China's trade surplus rose 13.5 percent year-on-year in October while growth in exports slowed down and growth in imports sped up on the back of macro controls, according to Customs figures.
The country reported a trade surplus of $27.05 billion last month, the General Administration of Customs said on its website Monday. Exports increased to $107.73 billion last month, up 22.3 percent from a year earlier, while imports hit $80.67 billion, up 25.5 percent, the fastest in three months.
Growth in exports dropped 0.5 percentage points compared with September while growth in imports increased by 9.4 percentage points.
It indicated macro-control measures in foreign trade are taking effect, the Customs said. Earlier statistics had shown growth in exports of products, affected by the country's tax rebate reduction in July, largely declined in September from previous months.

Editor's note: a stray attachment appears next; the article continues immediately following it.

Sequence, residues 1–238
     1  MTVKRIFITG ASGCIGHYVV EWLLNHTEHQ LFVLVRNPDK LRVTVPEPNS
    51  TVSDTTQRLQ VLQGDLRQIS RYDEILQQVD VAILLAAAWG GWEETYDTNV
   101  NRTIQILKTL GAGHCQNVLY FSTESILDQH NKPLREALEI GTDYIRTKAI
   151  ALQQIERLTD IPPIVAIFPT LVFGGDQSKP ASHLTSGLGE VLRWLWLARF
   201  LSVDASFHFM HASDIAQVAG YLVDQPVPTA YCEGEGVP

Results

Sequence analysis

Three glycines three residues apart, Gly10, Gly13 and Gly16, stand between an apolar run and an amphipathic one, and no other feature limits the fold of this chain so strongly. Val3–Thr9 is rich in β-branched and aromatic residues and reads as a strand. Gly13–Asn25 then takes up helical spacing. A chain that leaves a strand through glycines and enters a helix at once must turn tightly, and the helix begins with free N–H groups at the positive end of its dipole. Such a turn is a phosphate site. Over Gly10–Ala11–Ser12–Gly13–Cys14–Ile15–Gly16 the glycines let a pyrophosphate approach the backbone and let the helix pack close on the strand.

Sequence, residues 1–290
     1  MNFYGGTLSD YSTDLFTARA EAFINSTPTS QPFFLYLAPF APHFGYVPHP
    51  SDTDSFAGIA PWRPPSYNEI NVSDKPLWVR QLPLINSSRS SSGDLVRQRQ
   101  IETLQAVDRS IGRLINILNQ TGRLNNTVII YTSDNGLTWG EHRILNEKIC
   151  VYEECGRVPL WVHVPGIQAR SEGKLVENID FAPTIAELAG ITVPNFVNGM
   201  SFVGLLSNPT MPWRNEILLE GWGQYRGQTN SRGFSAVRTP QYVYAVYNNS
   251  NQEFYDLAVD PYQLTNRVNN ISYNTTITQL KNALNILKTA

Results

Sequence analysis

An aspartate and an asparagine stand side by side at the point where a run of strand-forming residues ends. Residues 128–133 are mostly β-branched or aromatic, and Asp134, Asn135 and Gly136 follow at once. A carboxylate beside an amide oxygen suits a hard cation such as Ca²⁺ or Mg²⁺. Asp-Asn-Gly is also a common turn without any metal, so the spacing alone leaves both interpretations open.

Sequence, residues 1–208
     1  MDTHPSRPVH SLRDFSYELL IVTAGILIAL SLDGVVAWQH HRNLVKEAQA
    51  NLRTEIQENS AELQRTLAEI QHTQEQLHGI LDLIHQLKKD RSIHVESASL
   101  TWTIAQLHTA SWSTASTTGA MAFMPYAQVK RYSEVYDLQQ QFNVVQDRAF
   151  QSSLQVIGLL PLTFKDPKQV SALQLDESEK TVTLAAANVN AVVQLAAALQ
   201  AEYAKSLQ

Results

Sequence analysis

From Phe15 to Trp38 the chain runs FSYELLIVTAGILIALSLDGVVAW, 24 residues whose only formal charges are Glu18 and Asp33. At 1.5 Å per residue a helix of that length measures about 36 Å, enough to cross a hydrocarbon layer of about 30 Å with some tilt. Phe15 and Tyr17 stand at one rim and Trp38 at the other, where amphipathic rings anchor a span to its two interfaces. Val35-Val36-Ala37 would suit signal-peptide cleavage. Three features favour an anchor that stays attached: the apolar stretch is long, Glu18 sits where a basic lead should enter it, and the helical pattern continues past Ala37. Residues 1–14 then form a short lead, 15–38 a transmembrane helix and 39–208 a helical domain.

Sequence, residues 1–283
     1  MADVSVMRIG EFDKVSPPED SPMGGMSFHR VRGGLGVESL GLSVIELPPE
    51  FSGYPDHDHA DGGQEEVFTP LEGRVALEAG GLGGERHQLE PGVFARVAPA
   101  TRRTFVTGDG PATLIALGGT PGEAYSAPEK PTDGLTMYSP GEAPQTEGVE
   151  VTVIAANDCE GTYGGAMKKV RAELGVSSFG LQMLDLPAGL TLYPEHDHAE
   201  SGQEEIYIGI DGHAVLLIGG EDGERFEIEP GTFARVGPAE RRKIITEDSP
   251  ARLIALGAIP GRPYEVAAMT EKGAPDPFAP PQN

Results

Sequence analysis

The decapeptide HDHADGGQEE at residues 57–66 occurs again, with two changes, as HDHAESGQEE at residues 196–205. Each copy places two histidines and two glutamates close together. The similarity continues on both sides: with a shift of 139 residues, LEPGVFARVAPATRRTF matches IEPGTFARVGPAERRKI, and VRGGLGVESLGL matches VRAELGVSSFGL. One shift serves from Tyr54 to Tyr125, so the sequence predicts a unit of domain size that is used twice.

Experts attributed rising imports to the surging global oil and commodity prices as well as the rising demand at home. Crude oil crossed $98 a barrel for the first time last week and has gained 57 percent so far this year.
"The US slowdown has contributed to relatively weak exports from China since August," said Shen Minggao, a researcher with Citigroup.
China's exports to the US weakened from 18 percent in the first seven months to 9-10 percent in August and September. Trade surplus growth also dropped sharply during the same period, from 19 percent to 8-9 percent.
The figures took the country's imports and exports from January to October to $1.76 trillion, approaching the total of the whole of last year.
The European Union, the United States and Japan remained China's top trading partners in the past 10 months.
China's actual foreign direct investment (FDI) increased 11.15 percent year-on-year to $53.99 billion in these 10 months, according to the Ministry of Commerce.